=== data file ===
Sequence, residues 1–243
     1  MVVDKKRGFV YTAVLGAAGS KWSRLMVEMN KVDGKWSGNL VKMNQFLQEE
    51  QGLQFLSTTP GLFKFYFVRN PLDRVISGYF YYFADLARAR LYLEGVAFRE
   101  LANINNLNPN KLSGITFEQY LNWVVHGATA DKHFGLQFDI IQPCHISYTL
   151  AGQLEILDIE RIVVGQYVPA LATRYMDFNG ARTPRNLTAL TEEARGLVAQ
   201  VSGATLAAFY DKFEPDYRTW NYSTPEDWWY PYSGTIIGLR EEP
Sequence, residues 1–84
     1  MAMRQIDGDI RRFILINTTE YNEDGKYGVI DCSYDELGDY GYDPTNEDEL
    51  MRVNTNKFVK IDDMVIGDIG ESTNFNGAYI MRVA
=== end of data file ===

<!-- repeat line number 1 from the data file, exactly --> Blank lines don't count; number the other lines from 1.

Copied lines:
Sequence, residues 1–243